Tuesday, October 22, 2013

Book review - Red Storm Rising

Since author Tom Clancy passed away this month it is only fitting that I review one of his books.

Red Storm Rising was his second published book, way back in 1986. At that time the Soviet Union ruled over a large part of the planet and its military forces were equipped with modern equipment.  Although the ‘evil empire’ was close to collapse nobody knew it at the time.

After the defeat of the USA in the Vietnam War, the late 1970’s –early 1980’s saw a resurgence of Soviet influence in global politics. US president Ronald Reagan countered the Soviets by starting an arms race and by supporting anti-Soviet forces in Eastern Europe and in Afghanistan.
In that sense Clancy’s book is a product of the Reagan militarism of the 1980’s. The roles are clearly defined with the Soviets being evil and trying to conquer the world while the Americans are the force of democracy and freedom. The Soviets have numbers on their side, while the Americans have to rely on technology and initiative. It sounds a bit simplistic but I think that in this book it works out.

The story starts in the Soviet Union when a group of Afghan ‘freedom fighters’ attacks an important Soviet oil facility and manages to blow it up. The shortfall in oil production has catastrophic consequences for the already faltering Soviet economy and thus the Soviet leadership decides to conquer the Middle Eastern oil fields. Since this action will lead to a global war the KGB carries out an attack against the Kremlin that leads to the death of schoolchildren and pins the blame on a West German national. This gives them an excuse to attack West Germany for supposedly organizing this attack.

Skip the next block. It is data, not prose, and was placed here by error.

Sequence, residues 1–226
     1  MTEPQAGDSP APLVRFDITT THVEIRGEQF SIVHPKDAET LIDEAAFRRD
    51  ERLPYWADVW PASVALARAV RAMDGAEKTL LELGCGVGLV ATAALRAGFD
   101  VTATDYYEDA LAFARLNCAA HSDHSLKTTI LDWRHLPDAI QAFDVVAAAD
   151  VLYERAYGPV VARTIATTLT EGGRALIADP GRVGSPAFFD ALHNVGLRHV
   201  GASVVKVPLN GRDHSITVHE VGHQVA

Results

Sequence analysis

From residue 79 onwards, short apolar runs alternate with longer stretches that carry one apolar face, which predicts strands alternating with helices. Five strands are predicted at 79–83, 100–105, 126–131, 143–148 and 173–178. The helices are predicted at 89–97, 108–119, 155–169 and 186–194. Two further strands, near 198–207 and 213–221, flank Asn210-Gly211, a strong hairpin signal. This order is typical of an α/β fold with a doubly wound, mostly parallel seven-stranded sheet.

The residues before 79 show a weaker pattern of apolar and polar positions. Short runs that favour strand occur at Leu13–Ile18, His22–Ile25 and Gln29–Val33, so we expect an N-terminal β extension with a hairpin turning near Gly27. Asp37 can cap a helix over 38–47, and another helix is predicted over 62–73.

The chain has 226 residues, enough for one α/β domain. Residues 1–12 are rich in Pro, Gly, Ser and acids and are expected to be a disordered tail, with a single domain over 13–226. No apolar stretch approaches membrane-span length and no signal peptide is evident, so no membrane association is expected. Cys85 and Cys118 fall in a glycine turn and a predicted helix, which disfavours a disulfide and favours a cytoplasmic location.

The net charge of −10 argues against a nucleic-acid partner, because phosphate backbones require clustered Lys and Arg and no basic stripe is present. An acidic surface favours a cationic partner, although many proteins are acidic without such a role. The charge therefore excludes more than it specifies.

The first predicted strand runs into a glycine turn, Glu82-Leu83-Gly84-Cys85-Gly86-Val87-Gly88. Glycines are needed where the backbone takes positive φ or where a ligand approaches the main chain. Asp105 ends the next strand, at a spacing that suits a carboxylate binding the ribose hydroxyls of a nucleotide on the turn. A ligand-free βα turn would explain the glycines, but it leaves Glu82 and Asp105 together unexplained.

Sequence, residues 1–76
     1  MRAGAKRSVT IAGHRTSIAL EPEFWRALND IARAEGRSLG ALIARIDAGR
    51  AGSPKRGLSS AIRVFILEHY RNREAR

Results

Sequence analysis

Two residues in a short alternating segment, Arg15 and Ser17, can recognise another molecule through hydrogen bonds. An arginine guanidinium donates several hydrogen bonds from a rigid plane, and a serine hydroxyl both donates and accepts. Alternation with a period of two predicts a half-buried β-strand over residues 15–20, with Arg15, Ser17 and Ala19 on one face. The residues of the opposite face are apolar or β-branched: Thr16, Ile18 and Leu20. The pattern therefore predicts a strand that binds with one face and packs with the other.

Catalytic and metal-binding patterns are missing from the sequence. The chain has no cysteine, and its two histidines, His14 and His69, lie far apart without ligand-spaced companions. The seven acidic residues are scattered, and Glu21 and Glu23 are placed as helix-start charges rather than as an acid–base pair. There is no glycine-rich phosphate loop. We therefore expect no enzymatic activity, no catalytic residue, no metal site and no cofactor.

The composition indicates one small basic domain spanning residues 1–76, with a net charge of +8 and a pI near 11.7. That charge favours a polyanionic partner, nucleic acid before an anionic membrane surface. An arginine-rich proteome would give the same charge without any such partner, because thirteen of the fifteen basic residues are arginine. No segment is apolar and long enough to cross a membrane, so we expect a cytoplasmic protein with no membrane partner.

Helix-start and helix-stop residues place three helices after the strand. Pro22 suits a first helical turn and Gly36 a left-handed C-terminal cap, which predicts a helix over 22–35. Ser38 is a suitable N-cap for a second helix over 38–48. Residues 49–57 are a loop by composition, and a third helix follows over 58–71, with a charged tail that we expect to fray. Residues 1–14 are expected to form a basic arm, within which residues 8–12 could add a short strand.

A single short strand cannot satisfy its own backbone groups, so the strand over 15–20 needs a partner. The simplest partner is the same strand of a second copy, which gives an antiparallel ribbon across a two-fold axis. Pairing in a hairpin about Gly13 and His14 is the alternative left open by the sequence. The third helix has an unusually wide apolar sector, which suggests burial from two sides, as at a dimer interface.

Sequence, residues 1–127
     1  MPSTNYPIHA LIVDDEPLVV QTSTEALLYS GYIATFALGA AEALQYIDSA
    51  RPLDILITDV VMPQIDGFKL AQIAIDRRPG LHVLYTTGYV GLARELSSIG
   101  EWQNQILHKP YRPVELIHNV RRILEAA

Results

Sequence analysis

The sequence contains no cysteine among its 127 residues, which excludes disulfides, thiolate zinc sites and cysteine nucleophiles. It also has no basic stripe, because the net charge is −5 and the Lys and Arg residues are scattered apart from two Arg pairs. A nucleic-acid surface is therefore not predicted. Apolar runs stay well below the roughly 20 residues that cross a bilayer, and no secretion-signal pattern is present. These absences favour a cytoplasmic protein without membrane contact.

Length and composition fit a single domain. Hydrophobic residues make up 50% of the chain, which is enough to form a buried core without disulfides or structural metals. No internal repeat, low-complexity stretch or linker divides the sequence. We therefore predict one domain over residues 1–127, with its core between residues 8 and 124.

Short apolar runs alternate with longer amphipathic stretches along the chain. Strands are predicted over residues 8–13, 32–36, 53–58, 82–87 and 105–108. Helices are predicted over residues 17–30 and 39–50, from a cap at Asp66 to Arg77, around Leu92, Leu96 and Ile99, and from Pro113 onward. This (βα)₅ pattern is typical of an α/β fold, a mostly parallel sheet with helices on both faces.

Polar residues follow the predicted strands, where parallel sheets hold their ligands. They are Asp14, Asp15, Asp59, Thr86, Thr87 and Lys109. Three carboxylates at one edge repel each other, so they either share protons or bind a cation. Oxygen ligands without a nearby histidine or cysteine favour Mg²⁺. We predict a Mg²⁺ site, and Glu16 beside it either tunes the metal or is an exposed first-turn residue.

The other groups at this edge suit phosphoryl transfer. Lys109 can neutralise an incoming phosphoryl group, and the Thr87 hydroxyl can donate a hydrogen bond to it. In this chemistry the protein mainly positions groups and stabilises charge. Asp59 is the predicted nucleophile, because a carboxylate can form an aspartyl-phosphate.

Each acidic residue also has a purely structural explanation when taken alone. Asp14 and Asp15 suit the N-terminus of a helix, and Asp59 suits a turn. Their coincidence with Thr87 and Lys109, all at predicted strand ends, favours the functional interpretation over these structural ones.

Initially the NATO forces are caught by surprise and suffer serious reverses. Soviet naval troops manage to occupy Iceland and the fighting in Germany is going badly for the Western side.
The Soviet goal in the Atlantic is to shut down the transfer of troops and munitions from the US to Europe. In order to achieve that goal they rely on long range bombers equipped with cruise missiles. Their first attack against a US convoy leads to heavy losses for the US side and even carriers are sunk. The Americans then respond by attacking the bomber bases and retake Iceland.

In Germany the fighting is costly for both sides but the NATO countries use their superior airforces to stop the Soviet attack and a surprise counterattack by the new M1 Abrams tanks breaches the Soviet front and dismantles their rear positions.
With their conventional attack defeated the Soviet leadership is ready to authorize the use of nuclear weapons. This disastrous scenario forces General Alekseyev (commander of the Soviet forces in the West) to take matters into his own hands and using a loyal division he storms the Politburo and arrests the communist leadership.

The book ends with both sides coming to the negotiating table but with NATO having the upper hand militarily.

It should be noted that although the Soviets are the bad guys they are not all evil. The communist politicians and the KGB are shown to be duplicitous and amoral but the military officers are brave, honorable and willing to sacrifice themselves in order to achieve victory.

One thing that can be held against Clancy is that in order for the good guys to win some weapon systems do things that they were not designed to do in real life! For example the US forces use the stealth aircraft F-117 (called F-19 in the book) to take out Soviet long range radar planes. The problem is that this plane was not designed for aerial warfare but for ground attack missions. In another part of the book the naval F-14 fighters use their long range missiles in order to shoot down Soviet bombers. First of all long range missiles of that era had a very poor record. In this specific case things would be even worse since the F-14’s did not use their radar for guidance but instead relied on the onboard optical system…

Overall this is an enjoyable novel, although a bit dated. You will get most out of it if you are already interested in the military equipment of that era.

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